What the Pope said was depressing not liberating

Here’s what the Pope said today according to the BBC:

Pope Francis said gay clergymen should be forgiven and their sins forgotten.

“The Catechism of the Catholic Church explains this very well,” Pope Francis said in a wide-ranging 80-minute long interview with Vatican journalists.

“It says they should not be marginalised because of this but that they must be integrated into society.”

But he condemned what he described as lobbying by gay people.

“The problem is not having this orientation,” he said. “We must be brothers. The problem is lobbying by this orientation, or lobbies of greedy people, political lobbies, Masonic lobbies, so many lobbies. This is the worse problem.”

Well, we might have a slight change in tone from Benedict but this is a depressing statement not a liberating one.

There’s nothing new here that is helpful and something that really isn’t.

The bits that are not new simply follow the Catechism of the Roman Catholic Church Sections 2357-2359

The bit that is depressing is the suggestion that gay lobbying is the real problem. In other words, gay people exist but shouldn’t do anything about their lives, should not advocate a better world for gay people, try to improve the lot of gay people nor try to save the lives of gay people in parts of the world where they are under threat.

This is nasty stuff and I’m sorry to hear it.

I’m even more sorry that the headlines that this has engendered will make people think there is hope when there isn’t really much hope to be had.

Today the pope made an oppresive statement about gay people and the world’s media is reporting it as a great step forward for gay rights.

Tell me, is saying bad things in a nice way better than saying the same old things in the same old way?

I don’t think it is.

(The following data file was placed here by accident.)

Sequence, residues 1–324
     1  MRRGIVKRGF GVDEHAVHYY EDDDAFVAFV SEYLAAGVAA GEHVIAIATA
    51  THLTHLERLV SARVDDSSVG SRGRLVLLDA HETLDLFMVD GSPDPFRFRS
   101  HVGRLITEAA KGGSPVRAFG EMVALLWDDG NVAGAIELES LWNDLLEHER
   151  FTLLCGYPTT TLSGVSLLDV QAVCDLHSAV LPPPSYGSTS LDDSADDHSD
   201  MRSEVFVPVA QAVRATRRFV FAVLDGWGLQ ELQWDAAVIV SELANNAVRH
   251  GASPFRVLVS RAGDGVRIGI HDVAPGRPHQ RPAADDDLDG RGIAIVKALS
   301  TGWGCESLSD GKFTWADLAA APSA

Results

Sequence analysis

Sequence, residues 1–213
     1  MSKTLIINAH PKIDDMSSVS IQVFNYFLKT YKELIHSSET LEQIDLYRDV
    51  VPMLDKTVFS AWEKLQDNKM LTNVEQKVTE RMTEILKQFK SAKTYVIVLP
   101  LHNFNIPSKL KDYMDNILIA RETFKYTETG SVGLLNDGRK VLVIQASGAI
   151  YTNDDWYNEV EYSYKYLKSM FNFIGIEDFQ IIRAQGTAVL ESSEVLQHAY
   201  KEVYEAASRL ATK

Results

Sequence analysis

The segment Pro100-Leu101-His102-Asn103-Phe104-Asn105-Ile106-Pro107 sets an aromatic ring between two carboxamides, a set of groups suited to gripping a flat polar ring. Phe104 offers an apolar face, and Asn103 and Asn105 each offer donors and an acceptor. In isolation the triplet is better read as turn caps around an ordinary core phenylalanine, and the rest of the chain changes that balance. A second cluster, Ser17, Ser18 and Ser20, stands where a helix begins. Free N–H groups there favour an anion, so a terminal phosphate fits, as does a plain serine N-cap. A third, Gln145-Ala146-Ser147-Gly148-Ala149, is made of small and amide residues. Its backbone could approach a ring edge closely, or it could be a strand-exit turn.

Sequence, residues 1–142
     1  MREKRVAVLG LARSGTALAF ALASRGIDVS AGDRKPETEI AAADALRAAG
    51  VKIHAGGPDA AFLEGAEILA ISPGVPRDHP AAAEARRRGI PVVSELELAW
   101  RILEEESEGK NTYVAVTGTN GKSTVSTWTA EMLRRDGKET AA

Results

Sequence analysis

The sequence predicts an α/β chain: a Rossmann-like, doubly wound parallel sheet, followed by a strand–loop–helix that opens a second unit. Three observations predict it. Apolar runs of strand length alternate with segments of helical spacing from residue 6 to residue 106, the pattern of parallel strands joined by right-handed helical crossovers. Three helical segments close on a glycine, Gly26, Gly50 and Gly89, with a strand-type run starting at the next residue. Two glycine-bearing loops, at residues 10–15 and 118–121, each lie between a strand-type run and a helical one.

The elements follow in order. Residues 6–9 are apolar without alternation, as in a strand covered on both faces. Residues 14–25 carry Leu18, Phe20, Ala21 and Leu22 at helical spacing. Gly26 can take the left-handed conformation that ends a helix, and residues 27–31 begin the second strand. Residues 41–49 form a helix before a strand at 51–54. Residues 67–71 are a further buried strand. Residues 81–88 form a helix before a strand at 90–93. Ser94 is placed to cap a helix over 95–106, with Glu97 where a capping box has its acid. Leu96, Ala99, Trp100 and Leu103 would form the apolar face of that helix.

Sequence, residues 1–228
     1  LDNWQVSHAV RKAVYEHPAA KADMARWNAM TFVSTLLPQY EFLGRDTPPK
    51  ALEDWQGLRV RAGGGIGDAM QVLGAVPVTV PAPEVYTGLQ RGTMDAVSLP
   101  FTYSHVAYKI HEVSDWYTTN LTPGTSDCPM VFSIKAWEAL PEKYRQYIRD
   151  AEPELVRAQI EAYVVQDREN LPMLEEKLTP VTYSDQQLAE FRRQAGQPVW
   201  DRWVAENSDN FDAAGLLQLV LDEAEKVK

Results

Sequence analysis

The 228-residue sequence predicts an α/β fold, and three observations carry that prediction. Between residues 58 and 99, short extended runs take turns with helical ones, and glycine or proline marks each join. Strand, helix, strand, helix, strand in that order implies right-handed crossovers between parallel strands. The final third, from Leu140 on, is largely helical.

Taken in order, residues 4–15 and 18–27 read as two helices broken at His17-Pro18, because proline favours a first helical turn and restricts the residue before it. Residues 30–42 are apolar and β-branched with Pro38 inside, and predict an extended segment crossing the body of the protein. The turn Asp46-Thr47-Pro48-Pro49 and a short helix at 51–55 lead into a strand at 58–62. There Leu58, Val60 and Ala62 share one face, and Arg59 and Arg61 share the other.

And while we are at it, note that he condemned political lobbying. That’s chilling for different reasons.

Of course, all this was in the context of being asked about the Vatican. (The existence of a “gay lobby” in the Vatican is currently much under discussion). All the same, these words are damaging words that will be read far from their original context. They do nothing to bring in the kind of world I hope for.

White Smoke

Love and prayers to friends in the Roman Catholic church on the election of the new pope. It was lovely to see the people in Rome greet him.

The airwaves are going to be full of speculation about what he will be like and full of things he has said in the past. The truth is, there is no knowing whether how he has been will be how he will be. It just doesn’t always work like that. Things happen.

It is interesting to think about there being a Jesuit pope. Like many an Anglican I’ve received quite a lot from the Jesuits – in my case, retreats, spiritual direction, methods of prayer, friendship and massage. I’ve found most Jesuits I’ve encountered to be intelligent, funny and purposeful. They also are formed in quite a distinctive way spiritually. This pope is likely to think things through quite differently to some popes just because of that. It will be fascinating to see how it all pans out.

He appeared to be a calm man and that will surely be needed. It was good to see someone call the people gathered in Rome to pray as his first act. He seemed to call us all to pray, Roman Catholics and others alike. Let us hope that he is indeed the great bridge builder (pontifex maximus).

We’ll be praying for him. Just as he requested.